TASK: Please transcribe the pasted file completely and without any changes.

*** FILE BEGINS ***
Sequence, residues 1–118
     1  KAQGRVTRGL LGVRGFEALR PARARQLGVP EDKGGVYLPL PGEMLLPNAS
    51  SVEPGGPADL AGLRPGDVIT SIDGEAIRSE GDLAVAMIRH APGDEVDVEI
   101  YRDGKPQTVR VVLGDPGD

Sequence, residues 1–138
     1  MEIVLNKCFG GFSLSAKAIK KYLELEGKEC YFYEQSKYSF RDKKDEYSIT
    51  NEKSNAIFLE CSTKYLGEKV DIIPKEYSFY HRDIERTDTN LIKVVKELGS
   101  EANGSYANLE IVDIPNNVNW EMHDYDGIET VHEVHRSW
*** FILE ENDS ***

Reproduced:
Sequence, residues 1–118
     1  KAQGRVTRGL LGVRGFEALR PARARQLGVP EDKGGVYLPL PGEMLLPNAS
    51  SVEPGGPADL AGLRPGDVIT SIDGEAIRSE GDLAVAMIRH APGDEVDVEI
   101  YRDGKPQTVR VVLGDPGD

Sequence, residues 1–138
     1  MEIVLNKCFG GFSLSAKAIK KYLELEGKEC YFYEQSKYSF RDKKDEYSIT
    51  NEKSNAIFLE CSTKYLGEKV DIIPKEYSFY HRDIERTDTN LIKVVKELGS
   101  EANGSYANLE IVDIPNNVNW EMHDYDGIET VHEVHRSW